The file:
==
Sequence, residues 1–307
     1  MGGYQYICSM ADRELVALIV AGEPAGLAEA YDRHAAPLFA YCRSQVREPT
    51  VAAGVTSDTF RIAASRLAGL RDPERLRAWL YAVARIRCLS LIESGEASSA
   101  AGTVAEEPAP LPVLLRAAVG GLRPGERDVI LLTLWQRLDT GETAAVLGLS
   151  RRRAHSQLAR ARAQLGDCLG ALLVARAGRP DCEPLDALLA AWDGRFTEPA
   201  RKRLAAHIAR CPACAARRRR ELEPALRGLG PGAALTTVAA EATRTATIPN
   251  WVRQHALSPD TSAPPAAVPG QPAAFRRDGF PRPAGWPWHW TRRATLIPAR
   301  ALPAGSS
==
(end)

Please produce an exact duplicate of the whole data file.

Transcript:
Sequence, residues 1–307
     1  MGGYQYICSM ADRELVALIV AGEPAGLAEA YDRHAAPLFA YCRSQVREPT
    51  VAAGVTSDTF RIAASRLAGL RDPERLRAWL YAVARIRCLS LIESGEASSA
   101  AGTVAEEPAP LPVLLRAAVG GLRPGERDVI LLTLWQRLDT GETAAVLGLS
   151  RRRAHSQLAR ARAQLGDCLG ALLVARAGRP DCEPLDALLA AWDGRFTEPA
   201  RKRLAAHIAR CPACAARRRR ELEPALRGLG PGAALTTVAA EATRTATIPN
   251  WVRQHALSPD TSAPPAAVPG QPAAFRRDGF PRPAGWPWHW TRRATLIPAR
   301  ALPAGSS